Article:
The ISM® Report on Business® (ROB), known as the most reliable non-government indicator of the economy, can help organizations envision the state of supply management — and how their businesses are faring in comparison to others.
The ROB offers has two composite indexes: For manufacturing, there is the PMI®, and for non-manufacturing, the NMI®. Each sector is further divided into individual indexes, such as Prices, Supplier Deliveries and Inventories. The report is based on surveys sent to hundreds of purchasing and supply executives in a variety of industries.
“This report is followed worldwide,” says Anthony Nieves, CPSM, C.P.M., A.P.P., CFPM, Chair of the Institute for Supply Management® (ISM®) Non-Manufacturing Business Survey Committee. He and Timothy R. Fiore, CPSM, C.P.M., Chair of the ISM Manufacturing Business Survey Committee, gave a presentation, “Using ISM’s Economic Indices: Putting the Report on Business to Work for You,” at the ISM2019 Annual Conference this week in Houston.
When analyzing the ROB, it’s important to understand business cycles, Nieves says. “The business cycle demonstrates the improvement or decline of business, and it’s measured by gross domestic product (GDP),” Nieves says. “By knowing what the business cycles are, we can improve our planning strategically, and we can understand how things affect the supply cycle.”
From 1854 to 2009, he says, there have been 33 complete business cycles, with the average expansion lasting three years, the average decline 17 months. However, the current expansion began in June 2009. “It’s now 10 years,” Nieves says.
He and Fiore recommend using the at-a-glance tables, released with the report each month, to get a snapshot of what’s going on. “It tells you exactly what’s happening from the standpoint of the 10 subindexes (of each composite Index),” Fiore says.
For each composite Index and subindex, a reading of greater than 50 percent indicates the sector is growing; lower than 50 indicates it’s contracting. The report includes tables and graphs on previous-months’ readings for the composite index and each subindex. “You can see the trends, the direction of growth — whether it’s growing, contracting or the same,” Nieves says. “I like this graph because it shows how the report — the composite Manufacturing and Non-Manufacturing — closely tracks the GDP.”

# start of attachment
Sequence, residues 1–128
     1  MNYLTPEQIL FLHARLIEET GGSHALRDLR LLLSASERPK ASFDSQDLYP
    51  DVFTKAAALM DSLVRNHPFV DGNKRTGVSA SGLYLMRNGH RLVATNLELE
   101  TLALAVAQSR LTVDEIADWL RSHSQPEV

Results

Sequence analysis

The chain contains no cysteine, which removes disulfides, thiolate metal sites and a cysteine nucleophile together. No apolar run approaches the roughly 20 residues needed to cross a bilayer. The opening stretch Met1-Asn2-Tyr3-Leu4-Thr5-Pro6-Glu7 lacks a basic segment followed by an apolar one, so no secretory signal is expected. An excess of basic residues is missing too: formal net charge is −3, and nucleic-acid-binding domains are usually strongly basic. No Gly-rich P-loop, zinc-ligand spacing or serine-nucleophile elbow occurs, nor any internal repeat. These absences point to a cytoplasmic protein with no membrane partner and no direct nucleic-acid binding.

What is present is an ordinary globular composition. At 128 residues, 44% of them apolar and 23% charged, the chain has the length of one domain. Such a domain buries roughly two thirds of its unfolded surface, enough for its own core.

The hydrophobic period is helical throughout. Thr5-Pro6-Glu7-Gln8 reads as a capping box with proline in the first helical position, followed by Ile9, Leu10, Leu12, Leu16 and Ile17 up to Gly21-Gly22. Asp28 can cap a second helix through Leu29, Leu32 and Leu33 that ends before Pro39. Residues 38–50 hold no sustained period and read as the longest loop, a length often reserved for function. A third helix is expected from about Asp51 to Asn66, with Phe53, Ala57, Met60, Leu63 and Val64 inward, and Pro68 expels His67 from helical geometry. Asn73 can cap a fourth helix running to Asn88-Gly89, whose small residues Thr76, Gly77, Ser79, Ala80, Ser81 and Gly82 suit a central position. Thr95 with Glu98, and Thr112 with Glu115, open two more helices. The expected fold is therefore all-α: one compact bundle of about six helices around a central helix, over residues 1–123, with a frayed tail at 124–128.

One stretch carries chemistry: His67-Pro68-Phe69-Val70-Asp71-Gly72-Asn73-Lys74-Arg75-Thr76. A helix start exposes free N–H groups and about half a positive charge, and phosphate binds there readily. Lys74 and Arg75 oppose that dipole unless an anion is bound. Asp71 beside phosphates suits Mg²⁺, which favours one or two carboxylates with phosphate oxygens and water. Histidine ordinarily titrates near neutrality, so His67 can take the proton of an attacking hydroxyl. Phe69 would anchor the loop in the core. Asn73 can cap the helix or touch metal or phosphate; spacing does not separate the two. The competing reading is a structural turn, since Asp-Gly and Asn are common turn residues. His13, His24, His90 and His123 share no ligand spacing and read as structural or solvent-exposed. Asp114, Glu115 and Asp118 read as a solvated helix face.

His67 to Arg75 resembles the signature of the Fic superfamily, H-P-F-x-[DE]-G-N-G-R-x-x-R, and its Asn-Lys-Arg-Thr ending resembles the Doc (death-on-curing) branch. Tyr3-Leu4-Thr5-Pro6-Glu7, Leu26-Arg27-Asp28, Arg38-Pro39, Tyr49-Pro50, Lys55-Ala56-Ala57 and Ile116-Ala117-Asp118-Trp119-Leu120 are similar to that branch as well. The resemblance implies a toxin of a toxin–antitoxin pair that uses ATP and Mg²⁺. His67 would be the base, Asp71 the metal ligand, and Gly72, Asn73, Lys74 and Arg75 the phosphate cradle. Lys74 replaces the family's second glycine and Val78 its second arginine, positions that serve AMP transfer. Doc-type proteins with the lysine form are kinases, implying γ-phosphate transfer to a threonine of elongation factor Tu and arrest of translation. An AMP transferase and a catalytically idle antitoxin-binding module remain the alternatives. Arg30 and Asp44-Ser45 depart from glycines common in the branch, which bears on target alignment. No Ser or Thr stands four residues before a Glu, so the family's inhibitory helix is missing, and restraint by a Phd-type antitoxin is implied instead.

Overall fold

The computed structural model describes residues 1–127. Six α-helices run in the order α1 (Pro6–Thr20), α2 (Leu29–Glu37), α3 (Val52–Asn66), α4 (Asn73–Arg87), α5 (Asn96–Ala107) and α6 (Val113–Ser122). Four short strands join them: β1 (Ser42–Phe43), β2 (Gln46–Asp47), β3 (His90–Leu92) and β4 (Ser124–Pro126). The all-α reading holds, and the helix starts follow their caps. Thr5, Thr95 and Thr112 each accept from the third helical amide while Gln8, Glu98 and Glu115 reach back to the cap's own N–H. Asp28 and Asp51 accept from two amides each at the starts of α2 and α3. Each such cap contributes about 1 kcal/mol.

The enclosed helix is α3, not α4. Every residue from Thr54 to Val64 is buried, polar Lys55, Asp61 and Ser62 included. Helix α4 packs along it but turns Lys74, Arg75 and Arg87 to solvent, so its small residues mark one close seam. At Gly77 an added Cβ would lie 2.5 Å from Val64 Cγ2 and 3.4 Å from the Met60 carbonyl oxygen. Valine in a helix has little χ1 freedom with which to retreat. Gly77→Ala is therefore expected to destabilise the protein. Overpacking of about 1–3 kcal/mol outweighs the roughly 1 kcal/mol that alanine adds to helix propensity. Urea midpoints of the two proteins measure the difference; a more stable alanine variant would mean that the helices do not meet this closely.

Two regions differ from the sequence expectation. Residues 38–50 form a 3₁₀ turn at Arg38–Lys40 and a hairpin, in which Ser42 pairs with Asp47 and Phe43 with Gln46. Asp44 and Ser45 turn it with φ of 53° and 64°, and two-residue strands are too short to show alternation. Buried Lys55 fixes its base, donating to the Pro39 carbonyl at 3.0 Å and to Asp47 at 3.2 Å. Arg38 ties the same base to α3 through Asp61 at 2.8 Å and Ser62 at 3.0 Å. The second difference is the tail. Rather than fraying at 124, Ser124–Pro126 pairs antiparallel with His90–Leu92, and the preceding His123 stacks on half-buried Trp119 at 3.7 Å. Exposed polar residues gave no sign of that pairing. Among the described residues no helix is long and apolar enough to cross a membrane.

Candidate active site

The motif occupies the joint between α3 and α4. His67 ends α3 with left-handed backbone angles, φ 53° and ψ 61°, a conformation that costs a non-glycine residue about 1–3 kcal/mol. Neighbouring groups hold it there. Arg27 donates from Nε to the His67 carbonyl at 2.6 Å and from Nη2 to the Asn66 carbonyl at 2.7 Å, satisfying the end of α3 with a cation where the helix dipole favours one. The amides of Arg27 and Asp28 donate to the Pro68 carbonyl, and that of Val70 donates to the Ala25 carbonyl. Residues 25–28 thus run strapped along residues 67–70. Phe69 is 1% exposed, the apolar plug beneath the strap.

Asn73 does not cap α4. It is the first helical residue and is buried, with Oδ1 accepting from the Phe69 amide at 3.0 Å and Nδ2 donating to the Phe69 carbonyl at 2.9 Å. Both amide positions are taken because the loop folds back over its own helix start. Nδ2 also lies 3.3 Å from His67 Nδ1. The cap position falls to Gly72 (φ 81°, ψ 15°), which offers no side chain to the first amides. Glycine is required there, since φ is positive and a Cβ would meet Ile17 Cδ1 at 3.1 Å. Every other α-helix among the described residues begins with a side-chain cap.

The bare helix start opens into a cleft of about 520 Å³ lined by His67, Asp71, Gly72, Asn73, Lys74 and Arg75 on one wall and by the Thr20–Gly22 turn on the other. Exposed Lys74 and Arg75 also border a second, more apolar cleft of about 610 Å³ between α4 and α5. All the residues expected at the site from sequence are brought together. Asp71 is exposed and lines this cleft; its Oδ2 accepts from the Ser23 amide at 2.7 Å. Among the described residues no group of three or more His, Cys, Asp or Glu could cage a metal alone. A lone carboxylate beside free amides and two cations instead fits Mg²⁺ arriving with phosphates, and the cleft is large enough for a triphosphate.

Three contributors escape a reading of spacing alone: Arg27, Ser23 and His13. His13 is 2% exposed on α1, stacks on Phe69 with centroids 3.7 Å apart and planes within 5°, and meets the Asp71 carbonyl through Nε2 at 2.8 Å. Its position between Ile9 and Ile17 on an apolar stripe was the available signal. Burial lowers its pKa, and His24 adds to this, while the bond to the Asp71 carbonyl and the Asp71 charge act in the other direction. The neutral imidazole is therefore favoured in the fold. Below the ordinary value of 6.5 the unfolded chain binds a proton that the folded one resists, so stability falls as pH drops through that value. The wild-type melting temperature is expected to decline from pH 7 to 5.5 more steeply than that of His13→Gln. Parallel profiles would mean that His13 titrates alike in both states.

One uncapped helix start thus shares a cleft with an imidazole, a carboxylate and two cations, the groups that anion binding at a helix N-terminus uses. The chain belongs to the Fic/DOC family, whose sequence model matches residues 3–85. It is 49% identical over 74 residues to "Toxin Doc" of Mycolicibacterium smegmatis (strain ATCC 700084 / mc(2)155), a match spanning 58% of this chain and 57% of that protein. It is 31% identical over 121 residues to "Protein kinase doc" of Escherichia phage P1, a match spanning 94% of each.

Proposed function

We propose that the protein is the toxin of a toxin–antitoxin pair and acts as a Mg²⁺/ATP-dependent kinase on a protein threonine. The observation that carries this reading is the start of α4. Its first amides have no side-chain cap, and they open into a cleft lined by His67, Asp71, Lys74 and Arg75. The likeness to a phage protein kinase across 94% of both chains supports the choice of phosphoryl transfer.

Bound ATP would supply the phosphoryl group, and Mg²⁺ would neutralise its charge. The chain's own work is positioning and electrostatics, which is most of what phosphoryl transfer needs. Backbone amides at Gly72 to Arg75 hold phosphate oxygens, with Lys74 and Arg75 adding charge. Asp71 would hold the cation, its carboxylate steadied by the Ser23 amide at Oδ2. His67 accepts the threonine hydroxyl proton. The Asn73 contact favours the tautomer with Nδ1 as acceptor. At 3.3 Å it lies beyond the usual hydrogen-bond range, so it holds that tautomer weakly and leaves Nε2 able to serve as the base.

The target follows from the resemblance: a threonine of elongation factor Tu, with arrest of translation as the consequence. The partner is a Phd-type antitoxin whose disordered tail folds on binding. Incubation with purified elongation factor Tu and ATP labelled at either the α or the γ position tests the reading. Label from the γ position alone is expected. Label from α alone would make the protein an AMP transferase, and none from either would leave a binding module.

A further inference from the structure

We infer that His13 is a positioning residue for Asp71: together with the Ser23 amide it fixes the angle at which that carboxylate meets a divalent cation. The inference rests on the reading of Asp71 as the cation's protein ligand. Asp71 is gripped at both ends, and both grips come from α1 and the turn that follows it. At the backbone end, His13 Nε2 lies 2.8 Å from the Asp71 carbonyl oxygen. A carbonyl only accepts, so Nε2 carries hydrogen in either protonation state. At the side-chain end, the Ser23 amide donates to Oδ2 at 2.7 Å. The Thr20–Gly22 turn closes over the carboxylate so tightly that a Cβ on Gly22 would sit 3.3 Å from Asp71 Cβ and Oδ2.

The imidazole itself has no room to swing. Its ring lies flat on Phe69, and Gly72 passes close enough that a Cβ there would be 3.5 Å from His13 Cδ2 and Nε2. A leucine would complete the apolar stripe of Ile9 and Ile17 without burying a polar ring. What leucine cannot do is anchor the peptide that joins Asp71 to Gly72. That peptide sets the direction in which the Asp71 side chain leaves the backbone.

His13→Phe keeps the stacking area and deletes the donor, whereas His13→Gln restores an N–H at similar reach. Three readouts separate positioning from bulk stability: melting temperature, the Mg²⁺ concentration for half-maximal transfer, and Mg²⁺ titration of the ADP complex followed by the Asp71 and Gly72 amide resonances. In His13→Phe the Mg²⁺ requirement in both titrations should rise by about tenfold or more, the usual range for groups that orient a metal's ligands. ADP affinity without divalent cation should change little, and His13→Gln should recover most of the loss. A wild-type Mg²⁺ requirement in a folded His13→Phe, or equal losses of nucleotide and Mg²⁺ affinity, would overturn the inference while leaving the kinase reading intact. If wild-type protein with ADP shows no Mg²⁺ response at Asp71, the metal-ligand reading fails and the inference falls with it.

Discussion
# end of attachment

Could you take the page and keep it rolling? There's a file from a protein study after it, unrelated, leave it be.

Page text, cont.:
Fiore recommends looking at looking the Manufacturing index in terms of (1) demand, which is reflected in the New Orders, Customer Inventories and Backlog of Orders indexes, (2) consumption, the Production and Employment indexes, and (3) inputs, the Supplier Deliveries, Inventories and Imports indexes. He says, “By looking at the three (dynamics) together — although I know they don’t sum up to the PMI® — this gives me a better idea for how things are balancing. (For example), is the PMI® going up because of an input issue or output issue, meaning consumption? Or is the PMI® going up or down because of new orders gaining or losing? How do I look to balance that?”
Among other issues:
●Shouldn’t the Manufacturing report include a subindex measuring construction? Why doesn’t it? “Manufacturing is usually goods produced inside a building, and distributed through distributors or retail, whereas construction gets produced outside,” Nieves explains.
●What is Inventory Sentiment? This Non-Manufacturing subindex pertains to “how respondents feel about their inventory and its application to their current business levels,” Nieves says.
●Where is the U.S. economy headed? “Everyone asks, ‘Where are we going regarding expansion? Are we hitting a recession anytime soon?’ An expansion just doesn’t up and die,” Nieves says. “Usually, something causes it. Moving forward, the possible headwinds could be something geopolitical or the trade situation, or a multitude of things that could cause some difficulty for the economy. But right now, it’s still humming along very well.”